I think we likely all agree the tendency to compare ourselves to others is just a normal part of being human. Of course, it’s not particularly helpful when it involves making assumptions about others and judging ourselves to be inadequate or inferior in comparison. Because therapists are humans too (yep, that’s right!), we are equally prone to falling into this trap.
Over the past year or so, I’ve been trying to make a more conscious effort at evaluating some of these assumptions by actually sharing some of my perceived therapist shortcomings with trusted colleagues. It’s been an eye-opening experience for me as I’ve come to realize I am not alone and, in fact, I may be more like other therapists that I realized! So, I’ve decided it’s time for me to start having these conversations at a broader level in hopes that other therapists reading this may also feel less alone in their perceived inadequacies.
Ready? (Deep breath in) – My name is Karen and I’m a four clients per day therapist. There, I’ve said it.
Before moving into private practice, I worked in a setting that enabled me to engage in a range of activities that involved client contact (therapy and psychometric assessments) but also administrative responsibilities, consultation with other mental health clinicians, and supervision of residents. In many ways that was a perfect job for me and I loved it! I made the decision to move into private practice as a way of reducing my work hours and I knew the shift would be difficult because this change also meant me leaving a job I loved. In some respects, the challenges I experienced weren’t particularly surprising (I knew the exchange of money for services would be uncomfortable for me, but I’ll leave that confession for another time).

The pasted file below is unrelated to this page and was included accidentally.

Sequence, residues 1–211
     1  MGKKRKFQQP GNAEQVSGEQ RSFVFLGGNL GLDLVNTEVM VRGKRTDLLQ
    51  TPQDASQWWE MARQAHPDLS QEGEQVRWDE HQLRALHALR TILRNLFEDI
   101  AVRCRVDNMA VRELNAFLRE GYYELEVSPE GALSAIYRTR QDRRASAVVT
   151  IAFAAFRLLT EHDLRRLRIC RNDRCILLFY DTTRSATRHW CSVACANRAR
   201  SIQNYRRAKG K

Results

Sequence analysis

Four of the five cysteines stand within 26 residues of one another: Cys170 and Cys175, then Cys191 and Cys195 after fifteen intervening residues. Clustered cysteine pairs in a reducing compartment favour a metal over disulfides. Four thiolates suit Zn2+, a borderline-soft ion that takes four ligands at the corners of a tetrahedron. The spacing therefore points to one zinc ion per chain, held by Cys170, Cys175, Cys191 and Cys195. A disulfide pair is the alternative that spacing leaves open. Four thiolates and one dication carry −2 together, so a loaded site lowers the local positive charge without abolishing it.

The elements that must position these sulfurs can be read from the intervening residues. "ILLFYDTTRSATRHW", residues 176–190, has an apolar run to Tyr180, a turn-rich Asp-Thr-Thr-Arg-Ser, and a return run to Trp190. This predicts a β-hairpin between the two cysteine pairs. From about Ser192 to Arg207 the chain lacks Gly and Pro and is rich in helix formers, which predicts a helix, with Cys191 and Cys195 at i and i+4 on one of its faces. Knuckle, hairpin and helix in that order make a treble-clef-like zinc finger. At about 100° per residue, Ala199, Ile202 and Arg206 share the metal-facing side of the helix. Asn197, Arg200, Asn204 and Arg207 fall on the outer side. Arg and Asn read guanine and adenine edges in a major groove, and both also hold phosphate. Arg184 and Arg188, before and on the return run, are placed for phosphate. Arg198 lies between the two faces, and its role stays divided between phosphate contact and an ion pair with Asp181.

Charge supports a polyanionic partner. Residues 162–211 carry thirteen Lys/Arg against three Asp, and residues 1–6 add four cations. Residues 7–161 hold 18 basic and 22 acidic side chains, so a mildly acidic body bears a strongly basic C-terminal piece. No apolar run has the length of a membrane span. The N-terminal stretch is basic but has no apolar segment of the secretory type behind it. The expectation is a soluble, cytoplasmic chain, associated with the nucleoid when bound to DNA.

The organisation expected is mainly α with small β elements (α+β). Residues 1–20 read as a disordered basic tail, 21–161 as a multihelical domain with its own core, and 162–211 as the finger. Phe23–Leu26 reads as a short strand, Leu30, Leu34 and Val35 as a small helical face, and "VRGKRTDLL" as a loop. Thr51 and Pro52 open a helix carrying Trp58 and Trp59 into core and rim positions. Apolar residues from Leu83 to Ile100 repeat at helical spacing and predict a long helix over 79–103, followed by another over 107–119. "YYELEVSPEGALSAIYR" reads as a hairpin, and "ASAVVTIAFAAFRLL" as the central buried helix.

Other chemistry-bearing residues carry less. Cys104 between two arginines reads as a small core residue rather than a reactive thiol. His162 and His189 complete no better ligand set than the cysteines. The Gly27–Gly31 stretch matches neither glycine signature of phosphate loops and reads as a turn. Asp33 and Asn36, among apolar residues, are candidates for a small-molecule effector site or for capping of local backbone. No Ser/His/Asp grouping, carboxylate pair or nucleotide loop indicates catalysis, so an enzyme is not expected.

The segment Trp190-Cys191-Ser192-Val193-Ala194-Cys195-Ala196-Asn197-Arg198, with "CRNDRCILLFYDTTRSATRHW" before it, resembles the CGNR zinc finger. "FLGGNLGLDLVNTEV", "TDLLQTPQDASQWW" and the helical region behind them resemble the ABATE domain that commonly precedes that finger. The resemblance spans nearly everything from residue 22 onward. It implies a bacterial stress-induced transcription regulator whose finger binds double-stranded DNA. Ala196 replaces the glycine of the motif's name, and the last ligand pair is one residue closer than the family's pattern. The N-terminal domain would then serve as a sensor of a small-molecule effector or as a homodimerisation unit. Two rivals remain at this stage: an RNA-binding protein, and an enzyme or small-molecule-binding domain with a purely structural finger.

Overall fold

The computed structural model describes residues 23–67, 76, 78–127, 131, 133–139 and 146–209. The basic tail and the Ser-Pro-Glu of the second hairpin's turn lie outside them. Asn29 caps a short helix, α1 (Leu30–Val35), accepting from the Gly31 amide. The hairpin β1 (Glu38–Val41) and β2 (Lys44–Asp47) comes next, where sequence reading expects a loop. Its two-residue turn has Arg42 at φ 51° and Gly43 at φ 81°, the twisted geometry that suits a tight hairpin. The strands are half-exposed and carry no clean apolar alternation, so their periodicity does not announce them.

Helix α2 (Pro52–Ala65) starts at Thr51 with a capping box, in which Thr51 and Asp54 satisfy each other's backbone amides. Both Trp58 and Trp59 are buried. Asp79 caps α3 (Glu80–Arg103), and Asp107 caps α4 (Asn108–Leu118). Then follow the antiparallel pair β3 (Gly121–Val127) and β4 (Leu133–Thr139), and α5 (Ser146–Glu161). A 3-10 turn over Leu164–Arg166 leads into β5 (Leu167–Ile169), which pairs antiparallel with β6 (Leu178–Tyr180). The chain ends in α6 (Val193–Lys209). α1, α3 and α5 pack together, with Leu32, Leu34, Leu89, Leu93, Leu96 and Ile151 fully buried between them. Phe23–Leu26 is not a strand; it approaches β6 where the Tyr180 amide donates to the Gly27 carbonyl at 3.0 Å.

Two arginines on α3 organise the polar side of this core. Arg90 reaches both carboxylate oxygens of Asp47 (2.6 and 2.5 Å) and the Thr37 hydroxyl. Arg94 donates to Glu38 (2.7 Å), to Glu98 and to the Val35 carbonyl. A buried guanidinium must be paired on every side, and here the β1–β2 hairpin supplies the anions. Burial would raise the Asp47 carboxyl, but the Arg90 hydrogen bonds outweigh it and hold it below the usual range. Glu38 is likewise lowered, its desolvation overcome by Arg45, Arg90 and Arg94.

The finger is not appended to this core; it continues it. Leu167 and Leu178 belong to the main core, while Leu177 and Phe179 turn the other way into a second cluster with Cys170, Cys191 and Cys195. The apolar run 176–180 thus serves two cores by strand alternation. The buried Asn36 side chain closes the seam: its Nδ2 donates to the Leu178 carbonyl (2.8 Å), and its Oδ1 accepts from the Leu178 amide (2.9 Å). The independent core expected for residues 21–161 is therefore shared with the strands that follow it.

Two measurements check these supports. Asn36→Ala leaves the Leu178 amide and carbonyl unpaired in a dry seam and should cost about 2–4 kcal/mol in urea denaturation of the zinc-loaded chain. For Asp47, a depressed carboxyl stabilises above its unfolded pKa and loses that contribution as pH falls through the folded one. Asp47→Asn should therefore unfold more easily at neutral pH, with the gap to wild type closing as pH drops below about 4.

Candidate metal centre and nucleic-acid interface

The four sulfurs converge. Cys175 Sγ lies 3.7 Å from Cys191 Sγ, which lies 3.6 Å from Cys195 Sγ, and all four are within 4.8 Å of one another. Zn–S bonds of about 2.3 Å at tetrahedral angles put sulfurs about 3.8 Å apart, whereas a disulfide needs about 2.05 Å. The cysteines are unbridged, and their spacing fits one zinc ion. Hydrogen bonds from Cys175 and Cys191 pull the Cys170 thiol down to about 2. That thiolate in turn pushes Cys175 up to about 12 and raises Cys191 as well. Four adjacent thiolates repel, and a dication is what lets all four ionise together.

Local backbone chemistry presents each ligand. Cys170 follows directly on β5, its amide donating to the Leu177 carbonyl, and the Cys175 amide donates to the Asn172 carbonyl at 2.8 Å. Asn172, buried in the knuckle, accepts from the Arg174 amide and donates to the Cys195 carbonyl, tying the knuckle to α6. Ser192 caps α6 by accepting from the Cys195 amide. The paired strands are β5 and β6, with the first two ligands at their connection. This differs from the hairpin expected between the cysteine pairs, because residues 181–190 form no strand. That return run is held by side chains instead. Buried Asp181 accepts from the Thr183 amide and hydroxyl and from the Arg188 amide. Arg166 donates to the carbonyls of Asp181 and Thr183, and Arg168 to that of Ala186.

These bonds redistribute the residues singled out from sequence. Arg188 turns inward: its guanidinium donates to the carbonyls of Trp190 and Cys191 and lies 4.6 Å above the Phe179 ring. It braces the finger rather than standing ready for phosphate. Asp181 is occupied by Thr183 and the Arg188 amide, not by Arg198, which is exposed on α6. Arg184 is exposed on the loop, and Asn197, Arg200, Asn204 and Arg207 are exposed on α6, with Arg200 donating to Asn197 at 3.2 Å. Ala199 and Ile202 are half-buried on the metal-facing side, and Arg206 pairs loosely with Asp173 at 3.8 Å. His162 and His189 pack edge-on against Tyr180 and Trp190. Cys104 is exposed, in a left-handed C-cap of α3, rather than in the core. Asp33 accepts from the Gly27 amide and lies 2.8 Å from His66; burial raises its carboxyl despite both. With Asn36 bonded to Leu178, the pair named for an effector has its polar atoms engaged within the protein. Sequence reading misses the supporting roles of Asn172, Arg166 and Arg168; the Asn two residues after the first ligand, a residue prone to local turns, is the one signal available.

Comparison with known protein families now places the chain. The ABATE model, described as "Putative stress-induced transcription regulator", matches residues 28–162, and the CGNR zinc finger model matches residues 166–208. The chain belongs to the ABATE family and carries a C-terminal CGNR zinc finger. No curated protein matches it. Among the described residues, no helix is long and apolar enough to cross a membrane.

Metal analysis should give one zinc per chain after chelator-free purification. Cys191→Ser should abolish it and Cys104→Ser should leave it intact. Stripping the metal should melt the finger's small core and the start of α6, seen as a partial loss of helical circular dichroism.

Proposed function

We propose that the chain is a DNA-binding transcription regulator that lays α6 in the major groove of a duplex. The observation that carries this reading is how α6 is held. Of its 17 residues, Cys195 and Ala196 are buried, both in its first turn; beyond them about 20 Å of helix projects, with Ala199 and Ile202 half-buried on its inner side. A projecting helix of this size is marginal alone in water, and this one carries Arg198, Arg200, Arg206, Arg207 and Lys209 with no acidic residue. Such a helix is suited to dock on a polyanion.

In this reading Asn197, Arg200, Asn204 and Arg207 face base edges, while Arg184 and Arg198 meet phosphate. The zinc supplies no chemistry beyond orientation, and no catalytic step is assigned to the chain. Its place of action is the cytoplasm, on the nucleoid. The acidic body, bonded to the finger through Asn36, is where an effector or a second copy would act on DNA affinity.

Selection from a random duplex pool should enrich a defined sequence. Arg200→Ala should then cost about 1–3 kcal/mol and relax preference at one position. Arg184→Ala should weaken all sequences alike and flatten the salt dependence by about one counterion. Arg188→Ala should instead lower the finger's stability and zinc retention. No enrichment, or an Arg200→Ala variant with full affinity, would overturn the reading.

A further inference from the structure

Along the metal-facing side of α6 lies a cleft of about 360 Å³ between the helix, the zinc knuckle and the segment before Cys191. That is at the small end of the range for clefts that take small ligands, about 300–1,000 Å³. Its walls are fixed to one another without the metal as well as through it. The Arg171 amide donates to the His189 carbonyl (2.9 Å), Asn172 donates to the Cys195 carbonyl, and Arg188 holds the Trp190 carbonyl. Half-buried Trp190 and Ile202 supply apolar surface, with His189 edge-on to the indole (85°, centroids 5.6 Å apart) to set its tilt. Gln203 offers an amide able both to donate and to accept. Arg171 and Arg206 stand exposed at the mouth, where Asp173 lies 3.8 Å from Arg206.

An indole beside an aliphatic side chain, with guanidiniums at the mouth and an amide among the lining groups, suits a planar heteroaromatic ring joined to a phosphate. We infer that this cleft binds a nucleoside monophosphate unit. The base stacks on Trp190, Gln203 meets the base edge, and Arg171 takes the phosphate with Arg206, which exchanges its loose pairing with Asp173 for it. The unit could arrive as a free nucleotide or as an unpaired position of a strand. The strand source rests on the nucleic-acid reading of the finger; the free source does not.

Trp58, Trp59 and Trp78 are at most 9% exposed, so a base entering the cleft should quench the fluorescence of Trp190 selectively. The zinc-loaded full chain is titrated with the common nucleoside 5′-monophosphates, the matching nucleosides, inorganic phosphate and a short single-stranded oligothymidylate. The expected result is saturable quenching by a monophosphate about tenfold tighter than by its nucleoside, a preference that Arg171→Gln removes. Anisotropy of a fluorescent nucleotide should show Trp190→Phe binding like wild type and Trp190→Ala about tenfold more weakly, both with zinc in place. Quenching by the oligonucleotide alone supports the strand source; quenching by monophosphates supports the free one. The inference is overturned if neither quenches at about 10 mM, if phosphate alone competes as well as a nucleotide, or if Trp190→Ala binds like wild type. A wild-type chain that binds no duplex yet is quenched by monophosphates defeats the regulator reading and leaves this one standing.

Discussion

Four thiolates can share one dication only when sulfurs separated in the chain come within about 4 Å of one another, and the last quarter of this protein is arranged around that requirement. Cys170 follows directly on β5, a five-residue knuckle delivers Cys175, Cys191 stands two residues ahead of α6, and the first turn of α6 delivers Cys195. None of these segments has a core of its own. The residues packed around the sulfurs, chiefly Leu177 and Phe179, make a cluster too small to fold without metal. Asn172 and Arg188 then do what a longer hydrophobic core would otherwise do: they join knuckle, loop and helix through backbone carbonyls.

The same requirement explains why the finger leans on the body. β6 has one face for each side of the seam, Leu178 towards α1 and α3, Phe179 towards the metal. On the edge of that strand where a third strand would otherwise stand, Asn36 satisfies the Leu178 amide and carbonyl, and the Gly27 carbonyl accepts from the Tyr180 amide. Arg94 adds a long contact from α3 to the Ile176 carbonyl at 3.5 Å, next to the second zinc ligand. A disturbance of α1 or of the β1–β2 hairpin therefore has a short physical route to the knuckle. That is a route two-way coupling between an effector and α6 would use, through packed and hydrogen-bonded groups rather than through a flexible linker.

What became apparent for me is that my “sweet spot” is about four therapy clients per day. I’m not going to lie, there have been times when I’ve thought that says something negative about me as a therapist and that maybe I’m not well-suited for this type of work. The reality is, providing therapy takes a lot of energy for me. Of course, that’s not to say it isn’t also energizing (there’s nothing better than feeling like you’ve helped facilitate some positive change for another person) but the reality is, at least for me, it takes a lot of energy to remain totally present with clients and to connect with them in a way that facilitates positive change.
In speaking with colleagues (like my co-founder of Intentional Therapist), I’ve learned I’m definitely not alone with this experience and that others have also had moments of feeling inadequate because of this. So, if you too are a “four clients per day therapist”, I have some reassuring words to share with you. The authors of Leaving it at the Office begin their chapter on workplace hazards (p. 38) with the following quote from Jonathan Kellerman (When the Bough Breaks, 1985, p. 15):
“Don’t let anyone tell you different: Psychotherapy is one of the most taxing endeavours known to mankind (let’s just say “humankind”) …there’s nothing that compares to confronting human misery, hour after hour, and bearing the responsibility for easing that misery using only one’s mind and mouth.”
With those words of wisdom, we encourage us all to ask ourselves: What is my “sweet spot” when it comes to clients? (perhaps it’s a number, a certain presentation, or other factors that influence your unique “sweet spot”) Is there a way I can work towards having more days in that range than not? For those in salaried positions: Is there an opportunity to diversify my role so that I can work within that sweet spot? For those in private practice: Are there other opportunities for billable hours that are less draining on me?
Hopefully these reflections will point your feet in the direction of a work situation that’s best suited to you. No apologies needed.